The music for The Death of Everything Good and True was recorded in one eleven-hour marathon session. We went into the studio blind, with a clean state, only myself having seen the rough cut. For Carapace, the process was more structured, as I wrote many of the themes before meeting with the musicians, who had been thoroughly forewarned and given a copy of the film in advance for brainstorming purposes. Another large difference between the two soundtracks was that the instruments in The Death were recorded on a single track, while many Carapace tracks were pre-sequenced, with parts recorded on separate tracks. I believe elements of both techniques are beneficial. The raw spontaneity of the single track sessions in The Death added a human quality to the music that is lost in a synchronized, edited setup. However, on the Carapace soundtrack, the music was written quicker as the musicians had more direction. To be fair, a few of the musicians benefited from the experience of having played for the previous film.

Would I write a third soundtrack? Probably. The process explores the possibilities of sounds that are created when individuals collaborate. Although personal expression is still present in general style, the content illustrates a new, collective expression. Working for film allows for the exploration of a wide range emotions present in human nature, many of which I had never interpreted musically. When Matthew asked me to write a commentary on the experience of writing the soundtrack to his two films, my first thought was, I am a musician. My best expression is not through words but by melodies, harmonies, and rhythms that, through their own language, convey experience. The music expresses sentiments I am unable to state in spoken language. I consider this essay an inadequate description of the experience of soundtrack recording. Only in hearing the song can one hear the energy of spontaneous give-and-take between musicians as a second layer of unspoken dialog, or the improvisation on a single theme as the visual images rise and fall in intensity. In other words, if you are really curious about the soundtracks, listen to the music.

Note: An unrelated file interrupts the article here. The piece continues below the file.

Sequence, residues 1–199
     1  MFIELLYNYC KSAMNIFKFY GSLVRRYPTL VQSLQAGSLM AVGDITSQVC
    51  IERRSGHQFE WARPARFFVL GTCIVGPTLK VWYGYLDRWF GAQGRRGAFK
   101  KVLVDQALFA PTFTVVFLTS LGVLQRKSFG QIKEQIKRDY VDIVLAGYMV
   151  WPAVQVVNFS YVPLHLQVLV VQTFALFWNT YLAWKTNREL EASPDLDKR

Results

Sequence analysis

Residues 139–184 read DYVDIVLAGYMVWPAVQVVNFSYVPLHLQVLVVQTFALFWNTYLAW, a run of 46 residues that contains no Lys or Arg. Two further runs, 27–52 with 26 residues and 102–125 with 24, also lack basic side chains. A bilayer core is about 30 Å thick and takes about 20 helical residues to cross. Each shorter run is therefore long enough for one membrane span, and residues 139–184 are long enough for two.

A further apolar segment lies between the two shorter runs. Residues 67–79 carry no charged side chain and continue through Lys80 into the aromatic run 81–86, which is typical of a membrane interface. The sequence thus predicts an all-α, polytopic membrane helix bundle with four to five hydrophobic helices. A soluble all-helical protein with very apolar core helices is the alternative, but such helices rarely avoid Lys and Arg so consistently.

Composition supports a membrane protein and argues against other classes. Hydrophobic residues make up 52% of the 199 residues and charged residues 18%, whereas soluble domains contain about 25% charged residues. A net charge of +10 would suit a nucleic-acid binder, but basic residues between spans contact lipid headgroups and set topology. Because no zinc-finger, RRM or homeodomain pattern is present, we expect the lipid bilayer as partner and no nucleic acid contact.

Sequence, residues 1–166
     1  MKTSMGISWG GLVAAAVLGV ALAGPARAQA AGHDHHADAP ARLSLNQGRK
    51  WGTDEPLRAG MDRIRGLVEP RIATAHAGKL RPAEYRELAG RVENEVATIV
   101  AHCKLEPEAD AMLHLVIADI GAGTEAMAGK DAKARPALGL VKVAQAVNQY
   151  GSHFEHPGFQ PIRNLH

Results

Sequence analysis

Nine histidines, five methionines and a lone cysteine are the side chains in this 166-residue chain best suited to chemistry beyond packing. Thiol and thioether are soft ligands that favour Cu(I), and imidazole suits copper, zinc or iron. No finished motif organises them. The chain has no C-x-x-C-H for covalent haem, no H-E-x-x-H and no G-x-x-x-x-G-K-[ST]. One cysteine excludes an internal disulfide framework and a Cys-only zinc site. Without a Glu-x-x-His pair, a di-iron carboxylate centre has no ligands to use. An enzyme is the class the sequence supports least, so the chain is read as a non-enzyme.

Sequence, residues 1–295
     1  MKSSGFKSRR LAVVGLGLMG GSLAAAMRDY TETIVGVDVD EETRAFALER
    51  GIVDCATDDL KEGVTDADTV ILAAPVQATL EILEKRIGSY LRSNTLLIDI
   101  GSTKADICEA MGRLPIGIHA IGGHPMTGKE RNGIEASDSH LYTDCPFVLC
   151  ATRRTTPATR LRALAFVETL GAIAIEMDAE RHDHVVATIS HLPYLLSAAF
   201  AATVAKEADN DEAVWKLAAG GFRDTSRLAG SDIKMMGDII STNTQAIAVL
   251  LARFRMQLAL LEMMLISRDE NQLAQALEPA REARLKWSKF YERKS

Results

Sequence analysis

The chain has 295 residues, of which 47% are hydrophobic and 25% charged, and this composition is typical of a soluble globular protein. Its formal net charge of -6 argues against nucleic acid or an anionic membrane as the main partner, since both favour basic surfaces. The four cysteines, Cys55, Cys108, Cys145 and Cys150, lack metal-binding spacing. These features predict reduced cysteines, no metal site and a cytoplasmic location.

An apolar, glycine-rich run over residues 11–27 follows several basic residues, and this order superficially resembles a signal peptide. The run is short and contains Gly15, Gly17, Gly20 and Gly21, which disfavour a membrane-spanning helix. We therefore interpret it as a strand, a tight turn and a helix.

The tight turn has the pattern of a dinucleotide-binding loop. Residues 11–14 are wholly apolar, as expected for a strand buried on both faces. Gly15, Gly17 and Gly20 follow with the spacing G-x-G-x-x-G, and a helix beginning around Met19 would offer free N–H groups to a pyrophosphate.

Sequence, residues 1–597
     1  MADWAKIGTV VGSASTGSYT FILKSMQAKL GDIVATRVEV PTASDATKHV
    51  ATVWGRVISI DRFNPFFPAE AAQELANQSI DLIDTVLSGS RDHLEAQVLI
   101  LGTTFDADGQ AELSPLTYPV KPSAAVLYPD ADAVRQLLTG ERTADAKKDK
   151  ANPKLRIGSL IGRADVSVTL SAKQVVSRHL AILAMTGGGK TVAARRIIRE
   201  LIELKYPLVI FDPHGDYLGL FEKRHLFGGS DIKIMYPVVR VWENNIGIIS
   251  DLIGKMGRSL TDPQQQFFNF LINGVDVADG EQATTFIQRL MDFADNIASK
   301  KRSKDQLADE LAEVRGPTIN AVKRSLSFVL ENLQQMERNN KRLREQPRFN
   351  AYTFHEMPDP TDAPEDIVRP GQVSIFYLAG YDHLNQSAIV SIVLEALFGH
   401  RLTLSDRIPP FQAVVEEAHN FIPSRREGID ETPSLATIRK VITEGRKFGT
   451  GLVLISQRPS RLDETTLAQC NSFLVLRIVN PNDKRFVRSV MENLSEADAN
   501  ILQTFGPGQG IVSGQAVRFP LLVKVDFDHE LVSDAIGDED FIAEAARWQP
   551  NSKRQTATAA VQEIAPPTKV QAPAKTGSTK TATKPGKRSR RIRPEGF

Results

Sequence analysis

The Osama Award

Submitted by Bill the Rake

I asked Cleo about this and she said, "Hollywood should create a special sort of annual award to the producers selected for producing the least believable trick-film of the year. The name of that award should be The Osama, presented in memory of the authors of the hoax known as the so-called Hitler Diaries."

[Source: EIR, Cairo, simultaneous English translation, Jan. 5, 2002]

Egyptian Military Strategy Expert Says Bin Laden Could Not Have Done It

Dr. Mahmoud Khallaf, an expert in strategic issues, and currently at the Nasser Academy for Defense Studies, presented his analysis of the events of September 11, at a seminar January 5, organized by the Center for Asian Studies of the Cairo University, Faculty of Economics and Political Science. Dr. Khallaf followed Muriel Mirak-Weissbach of EIR, who had presented LaRouche's analysis of those events, from the standpoint of his recent paper on "Brzezinski and September 11." Saying he found the presentation very fruitful, as it had "answered many questions," Dr. Khallaf went through his own independent considerations of the events on that day. He said that strategic military analysis, which he has been working in for twenty years, is a separate branch of study, with its own rules; what he wanted to present, he said, was an "autopsy of the events," a summary of which follows: